Across the globe, companies have acknowledged that action is needed to combat climate change, and many are recording and disclosing their carbon emissions. While the number of companies reporting emissions continues to increase, actions are not aggressive enough to slow climate change. Trucost research shows that although the carbon reduction targets set by top global companies in 2016 seem quite large (1.0 GtCO2e), they actually account for only 16 percent of the reduction needed by 2100 to keep the global temperate rise below 2 degrees Celsius, as specified in the Paris Agreement. This is the widely accepted limitation of temperature growth to avoid significant, even potentially catastrophic, changes to the planet.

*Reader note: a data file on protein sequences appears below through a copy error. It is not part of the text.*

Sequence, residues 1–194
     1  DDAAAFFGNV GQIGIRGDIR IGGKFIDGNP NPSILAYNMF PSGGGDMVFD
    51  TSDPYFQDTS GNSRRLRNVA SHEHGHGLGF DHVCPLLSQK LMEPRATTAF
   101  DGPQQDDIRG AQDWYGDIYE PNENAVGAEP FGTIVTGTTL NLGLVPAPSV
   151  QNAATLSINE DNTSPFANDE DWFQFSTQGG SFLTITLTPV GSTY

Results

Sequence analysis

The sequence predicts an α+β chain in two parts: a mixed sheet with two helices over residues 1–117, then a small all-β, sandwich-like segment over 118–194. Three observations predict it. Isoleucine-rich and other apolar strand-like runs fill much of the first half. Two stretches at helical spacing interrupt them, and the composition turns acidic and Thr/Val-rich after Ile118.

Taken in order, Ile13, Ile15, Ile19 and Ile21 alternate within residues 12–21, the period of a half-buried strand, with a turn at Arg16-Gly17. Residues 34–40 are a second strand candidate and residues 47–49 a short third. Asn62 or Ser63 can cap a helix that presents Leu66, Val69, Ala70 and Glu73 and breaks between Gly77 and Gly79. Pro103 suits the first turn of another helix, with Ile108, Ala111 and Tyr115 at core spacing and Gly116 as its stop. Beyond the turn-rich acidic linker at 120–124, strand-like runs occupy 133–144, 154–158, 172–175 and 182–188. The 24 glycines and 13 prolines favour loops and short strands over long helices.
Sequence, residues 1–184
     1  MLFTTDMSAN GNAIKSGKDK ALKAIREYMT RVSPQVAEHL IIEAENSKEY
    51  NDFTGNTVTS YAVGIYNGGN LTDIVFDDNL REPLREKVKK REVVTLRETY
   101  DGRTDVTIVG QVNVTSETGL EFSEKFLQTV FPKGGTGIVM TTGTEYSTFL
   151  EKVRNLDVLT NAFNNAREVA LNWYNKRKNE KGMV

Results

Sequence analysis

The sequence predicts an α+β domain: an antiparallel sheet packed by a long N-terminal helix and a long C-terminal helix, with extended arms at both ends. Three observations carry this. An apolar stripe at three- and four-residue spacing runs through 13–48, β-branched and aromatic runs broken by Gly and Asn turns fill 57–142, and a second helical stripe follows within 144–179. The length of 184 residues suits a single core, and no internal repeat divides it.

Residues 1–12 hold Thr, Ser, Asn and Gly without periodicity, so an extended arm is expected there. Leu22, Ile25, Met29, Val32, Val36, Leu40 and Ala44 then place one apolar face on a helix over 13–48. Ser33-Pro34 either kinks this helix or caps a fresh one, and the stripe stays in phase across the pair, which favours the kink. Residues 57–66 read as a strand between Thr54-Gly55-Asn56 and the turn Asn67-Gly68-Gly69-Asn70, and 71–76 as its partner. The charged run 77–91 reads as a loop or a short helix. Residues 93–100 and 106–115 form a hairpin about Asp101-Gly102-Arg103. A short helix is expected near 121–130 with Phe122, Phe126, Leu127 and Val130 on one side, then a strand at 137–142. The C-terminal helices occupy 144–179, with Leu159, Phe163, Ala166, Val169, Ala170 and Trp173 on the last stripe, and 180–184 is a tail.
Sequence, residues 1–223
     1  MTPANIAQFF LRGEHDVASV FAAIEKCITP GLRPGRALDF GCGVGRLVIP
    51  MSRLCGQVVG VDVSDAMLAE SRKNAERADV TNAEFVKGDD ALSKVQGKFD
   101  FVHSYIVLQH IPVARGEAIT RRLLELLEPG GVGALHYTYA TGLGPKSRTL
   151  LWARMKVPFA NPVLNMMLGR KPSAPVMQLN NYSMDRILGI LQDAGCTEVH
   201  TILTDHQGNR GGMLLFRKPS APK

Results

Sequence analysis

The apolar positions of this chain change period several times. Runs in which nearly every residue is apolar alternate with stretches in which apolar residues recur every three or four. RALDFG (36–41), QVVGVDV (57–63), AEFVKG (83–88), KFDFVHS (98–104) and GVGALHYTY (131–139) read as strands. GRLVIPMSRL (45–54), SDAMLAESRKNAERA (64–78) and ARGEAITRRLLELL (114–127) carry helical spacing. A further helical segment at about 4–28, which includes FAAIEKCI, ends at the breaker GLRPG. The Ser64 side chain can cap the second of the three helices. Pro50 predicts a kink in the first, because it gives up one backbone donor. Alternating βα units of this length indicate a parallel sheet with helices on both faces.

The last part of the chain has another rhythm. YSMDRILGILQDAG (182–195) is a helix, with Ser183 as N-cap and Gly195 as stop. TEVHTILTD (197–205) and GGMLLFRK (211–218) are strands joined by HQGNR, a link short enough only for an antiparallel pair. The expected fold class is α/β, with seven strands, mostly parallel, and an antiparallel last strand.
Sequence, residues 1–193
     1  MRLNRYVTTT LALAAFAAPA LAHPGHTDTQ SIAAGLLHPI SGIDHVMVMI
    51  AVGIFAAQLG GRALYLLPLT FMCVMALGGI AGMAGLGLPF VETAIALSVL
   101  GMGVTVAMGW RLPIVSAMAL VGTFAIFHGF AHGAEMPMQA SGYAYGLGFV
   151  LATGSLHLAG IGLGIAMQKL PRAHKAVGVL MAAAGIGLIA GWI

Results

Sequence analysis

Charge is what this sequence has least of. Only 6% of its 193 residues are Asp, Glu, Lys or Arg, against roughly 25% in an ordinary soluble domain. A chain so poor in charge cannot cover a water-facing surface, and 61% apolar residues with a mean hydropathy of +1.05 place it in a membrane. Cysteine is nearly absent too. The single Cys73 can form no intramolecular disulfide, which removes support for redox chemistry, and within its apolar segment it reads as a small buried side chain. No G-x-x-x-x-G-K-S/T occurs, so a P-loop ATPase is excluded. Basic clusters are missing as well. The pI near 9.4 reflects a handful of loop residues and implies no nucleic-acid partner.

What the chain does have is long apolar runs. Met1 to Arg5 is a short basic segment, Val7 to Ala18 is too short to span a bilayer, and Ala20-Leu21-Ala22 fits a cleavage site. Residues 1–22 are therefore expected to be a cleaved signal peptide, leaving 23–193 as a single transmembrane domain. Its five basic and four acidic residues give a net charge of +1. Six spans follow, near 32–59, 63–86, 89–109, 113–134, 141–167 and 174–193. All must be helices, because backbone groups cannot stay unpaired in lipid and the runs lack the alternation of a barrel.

Trucost reviewed how 2,500 of the world’s largest companies are reporting on their carbon emissions and managing the climate-related risks that may have financially material implications. Using the analogy of a mountain climb, Trucost considered where companies are on their climate risk management journey by placing them in one of four categories: on the couch; gear packed; at base camp, and, for those who have made significant strides, near summit. Results are summarized below, illustrating the corporate climate journey around three climate-related risks: supply chain risk management, carbon pricing risk management, and climate-related financial disclosure in line with the Task Force on Climate-related Financial Disclosures (TCFD).1